— Stefan Hanley (@stefan_hanley) January 10, 2017
Sessions’ hearing is scheduled to continue tomorrow, although he was pressed on a wide range of issues Tuesday. Below are some highlights.
Franken, who started off the hearing on a high note, jumped back in near the end of the hearing to interrogate Sessions about the purpose of the Voting Rights Act. Sessions didn’t get much of a word in edgewise.
Sen. Dianne Feinstein of California pushed him to explain his position on abortion, and he was later questioned about his stance on LGBT and women’s rights.
Vermont Sen. Patrick Leahy later quizzed Sessions about Trump’s infamous remarks about grabbing women by their genitals, and asked Sessions if acting out these remarks would constitute sexual assault. Sessions replied that “clearly it would be.”
Racism and discrimination
And of course, Sessions was quickly asked about his views on race, as many of those opposed to Sessions argue that his past incidents of racist behavior make him an inappropriate choice for Attorney General.
When asked about his personality, Sessions vehemently denied racist behavior and claimed he’s been “caricatured,” according to NPR.
“He forcefully defended his record, saying he ‘did not’ harbor the ‘racial animosities’ of which he’s been accused,” NPR continues, “saying they are ‘damnably false.’ ”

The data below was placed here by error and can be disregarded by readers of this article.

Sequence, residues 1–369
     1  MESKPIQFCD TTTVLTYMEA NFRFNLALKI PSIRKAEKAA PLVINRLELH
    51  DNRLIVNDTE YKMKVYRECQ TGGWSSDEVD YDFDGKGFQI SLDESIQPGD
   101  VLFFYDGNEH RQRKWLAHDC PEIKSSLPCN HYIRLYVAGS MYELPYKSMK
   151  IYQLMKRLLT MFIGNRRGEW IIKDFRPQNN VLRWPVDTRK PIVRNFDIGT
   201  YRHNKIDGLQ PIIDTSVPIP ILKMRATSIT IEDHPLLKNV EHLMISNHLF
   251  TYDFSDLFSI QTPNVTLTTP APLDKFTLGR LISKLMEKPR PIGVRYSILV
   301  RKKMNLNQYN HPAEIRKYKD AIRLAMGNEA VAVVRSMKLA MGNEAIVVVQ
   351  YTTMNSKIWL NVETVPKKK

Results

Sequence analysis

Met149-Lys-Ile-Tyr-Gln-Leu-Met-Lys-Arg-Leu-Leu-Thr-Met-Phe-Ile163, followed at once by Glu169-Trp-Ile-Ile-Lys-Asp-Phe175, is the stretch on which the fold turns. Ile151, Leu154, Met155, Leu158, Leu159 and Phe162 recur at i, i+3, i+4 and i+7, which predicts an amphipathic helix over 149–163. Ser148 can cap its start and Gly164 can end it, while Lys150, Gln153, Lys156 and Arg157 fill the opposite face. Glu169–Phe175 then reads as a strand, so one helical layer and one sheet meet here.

Utah Republican Orrin Hatch later came to Sessions’ defense on the issue, arguing that the accusations of racism are “smears” against Sessions and his supporters.
Hirono also used her time to ask about the Civil Rights Division of the Justice Department under Sessions, and Sessions stated that he would make sure state laws were not discriminatory.
Immigration and foreign policy
He was also questioned about his views on torture and Trump’s proposed “Muslim ban.” Sessions stated that he opposed waterboarding and also opposes the ban on Muslims entering the U.S.
“But he noted that Mr. Trump has since clarified that the restriction should be on immigration from countries that support terrorism,” The New York Times reports. “He said religious views—where, for example, they include justification for violence against Americans—should be considered as part of the visa progress.”
Hirono later added to this conversation by asking about Sessions’ views on immigration and minorities, and added that her own mother immigrated to America to escape an abusive marriage. Many Americans “are terrified that they will have no place in President Trump’s America,” Hirono told Sessions.
Sessions again avoided accountability by arguing that the State Department would be responsible for “extreme vetting,” and noted that immigrants whose “religious views [encompass] dangerous doctrines and terroristic attacks” warrant intense scrutiny.
Sessions only briefly commented on national security, when Sen. John Cornyn (R-Texas) asked him about the Freedom of Information Act. Sessions verbally pledged to follow the law when it comes to surveillance issues.